10 Years After His Ponzi Scheme, Bernie Madoff Still Doesn’t Deserve to Go Free

Bernie Madoff, who orchestrated the largest Ponzi scheme in history, is reportedly asking President Trump for a commutation, according to a CNBC article from July 24. This demonstrates that Madoff has not taken responsibility for his actions. Financial fraudsters like him must be held accountable for their crimes. As securities attorneys who arbitrate cases against stockbrokers who have defrauded investors, we have dedicated our lives to protecting investors, so it is so unfortunate to hear that Bernie Madoff seems to feel no remorse for the financial devastation he caused.

Have we forgotten that Madoff made off with $20 billion? In 2008, his brokerage firm, Bernard L. Madoff Investment Securities LLC, was revealed to be a massive Ponzi scheme, in which he paid returns to investors using funds obtained from newer investors. He took advantage of people’s trust, all the while never investing any money in actual securities products. His 150-year sentence—the maximum penalty for the charges—was imposed after he pled guilty in 2009 to 11 counts of financial fraud, including money laundering, perjury, and theft.

Madoff’s Ponzi scheme dwarfs the scheme perpetrated by its namesake, Charles Ponzi. In the 1920s, Charles Ponzi scammed 20,000 people over eight months. Contrast that with Madoff’s scheme, which lasted twenty years.

While Irving Picard, Trustee of The Madoff Recovery Initiative, has secured $13.403 billion in recoveries and settlement agreements in conjunction with the Securities Investor Protection Corporation (SIPC), each victim can only receive $500,000 maximum, and some have not received anything. Thousands of people remain devastated by Madoff’s fraud. Madoff not only defrauded individuals, but he also devastated charities, including the foundation run by Holocaust survivor and Nobel recipient Elie Wiesel. Another organization, the JEHT Foundation, was forced to shut down in the wake of the scheme because their major benefactors had invested with Madoff. Ironically, the JEHT Foundation was dedicated to the “transformation of criminal justice policies.” It would be a slap in the face to their mission if Madoff were released from federal prison. When Judge Denny Chin accepted Madoff’s guilty plea and revoked Madoff’s bail, victim Norma Hill told the New York Times, “It was a very courageous stand that the judge took. It has restored my faith in the justice system.” Let’s not have that faith be shaken by giving Madoff a “get out of jail free” card. His former position in the highest echelons of society should not excuse him from having to face the consequences of his decisions, decisions that he made with no regard for anyone else’s welfare but his own.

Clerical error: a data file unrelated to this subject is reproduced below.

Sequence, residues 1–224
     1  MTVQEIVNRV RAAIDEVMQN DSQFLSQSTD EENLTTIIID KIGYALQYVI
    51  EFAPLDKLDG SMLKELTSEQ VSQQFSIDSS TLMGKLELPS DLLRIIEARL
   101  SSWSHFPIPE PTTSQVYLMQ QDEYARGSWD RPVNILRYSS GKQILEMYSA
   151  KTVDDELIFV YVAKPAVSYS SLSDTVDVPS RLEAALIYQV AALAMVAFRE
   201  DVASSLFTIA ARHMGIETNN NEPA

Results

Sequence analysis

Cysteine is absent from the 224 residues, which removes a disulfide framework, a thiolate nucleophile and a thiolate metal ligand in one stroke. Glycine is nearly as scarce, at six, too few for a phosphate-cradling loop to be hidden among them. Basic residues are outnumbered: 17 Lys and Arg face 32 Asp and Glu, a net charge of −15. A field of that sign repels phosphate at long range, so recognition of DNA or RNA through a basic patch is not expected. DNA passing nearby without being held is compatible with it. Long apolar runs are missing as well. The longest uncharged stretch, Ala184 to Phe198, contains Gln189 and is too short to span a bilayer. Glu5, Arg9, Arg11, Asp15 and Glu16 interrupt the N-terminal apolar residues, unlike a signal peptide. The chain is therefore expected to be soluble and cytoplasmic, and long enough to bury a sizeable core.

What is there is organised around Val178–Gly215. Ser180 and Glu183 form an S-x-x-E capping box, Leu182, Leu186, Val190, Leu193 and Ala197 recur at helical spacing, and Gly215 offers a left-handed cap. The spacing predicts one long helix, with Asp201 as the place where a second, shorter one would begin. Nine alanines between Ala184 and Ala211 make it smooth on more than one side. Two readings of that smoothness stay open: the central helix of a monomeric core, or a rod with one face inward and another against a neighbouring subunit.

According to the New York Times and CNBC, President Trump has called Madoff a “sleazebag,” “a scoundrel,” and “a total crook.” When he met Madoff at Mar-a-Lago, he rejected Madoff’s investment proposal, saying, “I can lose my own money.” Thus, it’s safe to say that a presidential commutation probably isn’t in the cards for Madoff.

White-collar criminals may be nonviolent, but they still wreak havoc on the families and institutions of our society. While no blood is spilled, they exert a different kind of violence—financial violence wrought from unbridled greed and unchecked power. These crimes all too often go unpunished. Consider that only one broker—who lied about the value of Credit Suisse’s securities—went to jail after the 2008 financial crisis.

While the United States Sentencing Commission found a lower recidivism rate for white-collar criminals as opposed to those who commit other types of offenses, that means little to the hard-working people robbed of their life savings by a trusted financial advisor who turned out to be a con man.  Given his advanced age, if he were released, Madoff would be unlikely to offend again. Indeed, it is almost inconceivable to imagine how he could steal from any more people, as he has already taken away so much from so many. But his prison sentence acts as a deterrent to others who may seek to commit similar crimes. It also gives Madoff plenty of time to reflect on the far-reaching consequences of his selfish actions. A commutation for Madoff would only perpetuate a cycle by which many of the wealthy and privileged in society continue to get a “free pass” from the legal system. “Our system of justice has no sentencing discount for wealth,” wrote the United States Court of Appeals for the 10th Circuit in United States v. Sample.

All Americans are granted equal protection under the law, which should treat all Americans equally. Given the racial and economic disparities in sentencing, the unfortunate reality is that it does not. But no one should be above the law. Madoff’s fate should continue to reflect that.